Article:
The Royal Collections: Goya, El Greco, Velázquez... and Hitler's car in Franco

The Royal Collections Gallery opened its doors on June 29 in Madrid. The controversial center displays 650 pieces of National Heritage linked to royalty, from the Catholic Kings to Alfonso XIII.

Barcelona and Madrid, the two great cultural capitals of Spain, have cultural centers and museums that receive thousands of visitors every year. But, unlike Barcelona's museums, created with the combined efforts and resources of administrations, entities, foundations and private collectors, most of Madrid's large centers are directly managed by the State. The latest example is the new Gallery of the Royal Collections, the great project that opened its doors on June 29 promoted by Patrimonio Nacional, a body dependent on the Ministry of the Presidency, in which 650 works are displayed: painting, sculpture and tapestries by great masters such as Velázquez, Goya, Caravaggio, Patinir, El Greco, John of Flanders, decorative arts, carriages, jewellery, weapons and armour, all acquired and collected by the Spanish kings, from the Catholic Kings to Alfonso XIII.

Concrete 'transatlantic'

This enormous building of granite, concrete and glass, a 40,000 square meter, 145 meter long ocean liner built by Emilio Tuñón and Luis Moreno Mansilla next to the Royal Palace, began construction in 1998 and has cost the public coffers 170 million euros.

The name of the center is not in vain, as explained by its director, Leticia Ruiz, until recently responsible for Spanish Renaissance painting at the Prado: if it were a museum, it would be necessary to attribute the pieces that have arrived from different centers belonging to the Royal Places (Royal Palace, L'Escorial, Aranjuez, La Granja, El Pardo and the Royal Barefoot, among others).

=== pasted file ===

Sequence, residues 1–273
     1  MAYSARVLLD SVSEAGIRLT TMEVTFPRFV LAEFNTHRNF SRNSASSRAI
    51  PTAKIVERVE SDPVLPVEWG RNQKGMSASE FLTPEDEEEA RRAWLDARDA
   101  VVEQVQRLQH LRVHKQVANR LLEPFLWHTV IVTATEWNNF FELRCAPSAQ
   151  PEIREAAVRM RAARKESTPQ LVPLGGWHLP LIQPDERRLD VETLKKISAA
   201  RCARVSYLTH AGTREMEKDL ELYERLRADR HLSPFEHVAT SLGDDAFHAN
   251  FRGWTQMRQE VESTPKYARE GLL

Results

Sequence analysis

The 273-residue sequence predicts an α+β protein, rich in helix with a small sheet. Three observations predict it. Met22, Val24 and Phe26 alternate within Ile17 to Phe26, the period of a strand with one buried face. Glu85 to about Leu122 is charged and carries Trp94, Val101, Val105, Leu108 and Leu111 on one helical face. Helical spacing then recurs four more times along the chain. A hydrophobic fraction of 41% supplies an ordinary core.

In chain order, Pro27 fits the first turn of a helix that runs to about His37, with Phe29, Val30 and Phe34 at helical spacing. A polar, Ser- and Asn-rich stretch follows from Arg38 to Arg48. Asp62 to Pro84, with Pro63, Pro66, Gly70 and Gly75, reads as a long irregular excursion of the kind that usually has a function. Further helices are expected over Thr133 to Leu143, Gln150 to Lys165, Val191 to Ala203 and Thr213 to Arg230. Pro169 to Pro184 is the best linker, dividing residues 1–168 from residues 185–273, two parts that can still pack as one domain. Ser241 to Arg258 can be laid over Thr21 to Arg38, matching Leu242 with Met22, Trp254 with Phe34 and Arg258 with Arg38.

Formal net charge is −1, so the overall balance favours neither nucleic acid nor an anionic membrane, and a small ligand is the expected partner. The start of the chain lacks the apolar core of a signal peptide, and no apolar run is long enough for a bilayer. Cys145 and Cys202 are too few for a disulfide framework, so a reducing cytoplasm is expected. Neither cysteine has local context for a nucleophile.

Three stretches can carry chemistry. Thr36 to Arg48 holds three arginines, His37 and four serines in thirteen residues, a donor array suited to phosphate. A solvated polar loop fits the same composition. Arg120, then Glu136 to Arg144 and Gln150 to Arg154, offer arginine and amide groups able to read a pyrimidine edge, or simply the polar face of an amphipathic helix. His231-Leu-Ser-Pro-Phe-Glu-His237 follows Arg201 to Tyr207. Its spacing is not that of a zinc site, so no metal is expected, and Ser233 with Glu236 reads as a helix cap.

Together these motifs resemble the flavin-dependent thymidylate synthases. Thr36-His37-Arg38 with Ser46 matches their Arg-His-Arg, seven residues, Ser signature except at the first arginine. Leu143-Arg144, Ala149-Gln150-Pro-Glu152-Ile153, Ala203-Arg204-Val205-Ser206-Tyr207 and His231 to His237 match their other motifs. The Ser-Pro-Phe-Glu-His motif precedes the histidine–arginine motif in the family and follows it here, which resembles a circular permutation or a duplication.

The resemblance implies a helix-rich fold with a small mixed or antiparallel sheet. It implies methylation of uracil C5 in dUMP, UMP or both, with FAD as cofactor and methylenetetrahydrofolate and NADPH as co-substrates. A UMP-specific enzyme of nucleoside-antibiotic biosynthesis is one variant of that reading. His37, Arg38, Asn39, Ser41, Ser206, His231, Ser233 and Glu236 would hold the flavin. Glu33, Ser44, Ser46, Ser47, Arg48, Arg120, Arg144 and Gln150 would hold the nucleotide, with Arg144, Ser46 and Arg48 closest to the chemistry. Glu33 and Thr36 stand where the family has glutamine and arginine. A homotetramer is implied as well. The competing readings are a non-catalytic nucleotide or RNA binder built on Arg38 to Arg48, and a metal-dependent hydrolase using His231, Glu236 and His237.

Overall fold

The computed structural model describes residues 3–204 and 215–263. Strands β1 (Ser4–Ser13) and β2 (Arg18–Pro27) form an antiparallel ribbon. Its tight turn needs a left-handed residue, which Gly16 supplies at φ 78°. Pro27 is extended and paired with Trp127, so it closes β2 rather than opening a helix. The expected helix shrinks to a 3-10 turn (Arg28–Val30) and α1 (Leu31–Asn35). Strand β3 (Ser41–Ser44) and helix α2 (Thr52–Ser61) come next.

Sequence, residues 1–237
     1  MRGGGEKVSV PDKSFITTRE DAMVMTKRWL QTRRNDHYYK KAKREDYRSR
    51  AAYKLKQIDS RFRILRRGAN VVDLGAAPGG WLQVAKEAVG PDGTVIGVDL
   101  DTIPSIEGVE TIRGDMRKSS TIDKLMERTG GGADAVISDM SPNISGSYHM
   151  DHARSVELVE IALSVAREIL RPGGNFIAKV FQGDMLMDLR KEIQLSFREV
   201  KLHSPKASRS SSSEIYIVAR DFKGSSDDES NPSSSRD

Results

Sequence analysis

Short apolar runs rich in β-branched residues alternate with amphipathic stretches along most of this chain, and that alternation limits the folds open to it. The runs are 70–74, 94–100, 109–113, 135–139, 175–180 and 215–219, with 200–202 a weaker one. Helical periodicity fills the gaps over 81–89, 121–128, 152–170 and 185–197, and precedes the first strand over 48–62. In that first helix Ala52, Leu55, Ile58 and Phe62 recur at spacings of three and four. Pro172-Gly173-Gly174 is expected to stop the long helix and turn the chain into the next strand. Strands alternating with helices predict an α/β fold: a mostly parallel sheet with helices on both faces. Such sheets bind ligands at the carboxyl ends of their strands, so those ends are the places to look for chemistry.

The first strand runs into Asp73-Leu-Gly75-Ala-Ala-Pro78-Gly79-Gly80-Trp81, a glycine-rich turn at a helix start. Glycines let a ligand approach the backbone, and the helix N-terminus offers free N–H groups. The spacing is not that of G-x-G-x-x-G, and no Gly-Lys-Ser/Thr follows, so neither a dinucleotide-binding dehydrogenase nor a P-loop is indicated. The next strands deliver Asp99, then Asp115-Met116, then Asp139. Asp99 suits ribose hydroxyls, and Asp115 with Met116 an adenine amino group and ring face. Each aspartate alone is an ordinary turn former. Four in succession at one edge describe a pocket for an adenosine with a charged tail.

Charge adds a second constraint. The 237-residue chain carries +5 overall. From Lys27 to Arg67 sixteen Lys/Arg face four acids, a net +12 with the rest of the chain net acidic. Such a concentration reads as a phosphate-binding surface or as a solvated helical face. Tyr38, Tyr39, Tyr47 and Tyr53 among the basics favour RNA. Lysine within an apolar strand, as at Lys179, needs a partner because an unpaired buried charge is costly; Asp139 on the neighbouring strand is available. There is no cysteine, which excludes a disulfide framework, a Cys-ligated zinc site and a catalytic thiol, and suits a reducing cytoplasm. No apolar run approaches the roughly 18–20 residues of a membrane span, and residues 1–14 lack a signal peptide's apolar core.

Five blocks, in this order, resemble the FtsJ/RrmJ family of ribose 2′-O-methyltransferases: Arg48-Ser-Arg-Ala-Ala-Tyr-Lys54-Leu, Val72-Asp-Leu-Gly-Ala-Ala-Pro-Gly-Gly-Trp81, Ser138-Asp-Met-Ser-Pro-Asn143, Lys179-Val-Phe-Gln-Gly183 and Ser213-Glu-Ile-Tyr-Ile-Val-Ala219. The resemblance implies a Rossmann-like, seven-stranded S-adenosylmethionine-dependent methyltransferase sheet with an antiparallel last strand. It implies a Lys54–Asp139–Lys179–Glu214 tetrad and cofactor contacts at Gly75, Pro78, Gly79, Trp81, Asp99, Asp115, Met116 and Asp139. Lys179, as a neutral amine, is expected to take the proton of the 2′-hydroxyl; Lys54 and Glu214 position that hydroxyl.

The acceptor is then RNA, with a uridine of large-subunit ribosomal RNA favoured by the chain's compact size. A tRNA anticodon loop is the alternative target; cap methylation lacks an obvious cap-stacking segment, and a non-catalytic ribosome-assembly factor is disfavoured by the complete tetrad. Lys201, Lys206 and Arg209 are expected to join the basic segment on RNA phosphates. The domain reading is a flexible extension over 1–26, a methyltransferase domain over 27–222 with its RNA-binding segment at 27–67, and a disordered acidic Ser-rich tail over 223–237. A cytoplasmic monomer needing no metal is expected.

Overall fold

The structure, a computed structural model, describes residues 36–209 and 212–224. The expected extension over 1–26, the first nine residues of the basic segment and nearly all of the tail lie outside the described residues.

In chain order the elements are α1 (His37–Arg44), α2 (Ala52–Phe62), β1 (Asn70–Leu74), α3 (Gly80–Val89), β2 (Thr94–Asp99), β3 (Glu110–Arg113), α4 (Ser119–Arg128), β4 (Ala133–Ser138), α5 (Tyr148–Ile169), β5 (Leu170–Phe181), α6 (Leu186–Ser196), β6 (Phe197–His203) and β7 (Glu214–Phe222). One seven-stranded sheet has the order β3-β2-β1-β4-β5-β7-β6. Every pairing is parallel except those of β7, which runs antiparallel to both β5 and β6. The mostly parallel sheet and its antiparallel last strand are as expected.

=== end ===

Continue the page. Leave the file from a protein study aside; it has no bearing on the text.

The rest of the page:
To avoid conflicts and criticism of "decapitalization" - such as the one that ended with the termination of the president of National Heritage in 2014 after demanding that the Prado deliver works by El Bosco, Rogier van der Weyen or Tintoretto for the new center - , it was decided to call it a gallery , as if it were a huge exhibition hall, in which a third of the pieces are expected to change.

And what can be seen when visiting this new center? After being able to admire works little or nothing seen such as four Solomonic columns created by Juan de Churriguera or an enormous archangel by La Roldana, the first Spanish sculptor in history, in the first room, floor -1, dedicated to the Austrians, the visitor you can see the collections of tapestries and weapons together with works by El Bosco, Tiziano, El Greco, Ribera, Dürer, Velázquez, Carreño de Miranda or Caravaggio. A part of the Umayyad wall and an access gate to the city from the 9th century that appeared during the work to build the building have also been museumised.

On the -2 floor, dedicated to the Bourbons, you can see the plans of the Royal Palace, built by Felipe V after the Alcásser fire, as well as works by Rigaud, Van Loo, Paret, Mengs, Goya, Vicente López, Federico de Madrazo and Palmaroli, among many others.

Outdated project?

In the days before the opening, social networks were full of critics who described the center as "old-fashioned", "centralist" and "excessive", in addition to having the appearance of a "shopping center" and being "unnecessary" in fact that Madrid already has enough museums on offer, with which it will compete for budgets, visibility and visitors. There are no public forecasts for the first few years, although it is expected that the more than one million people who visit the adjacent Royal Palace (12 euros) will finish the tour in the new gallery, after paying another 14 euros .


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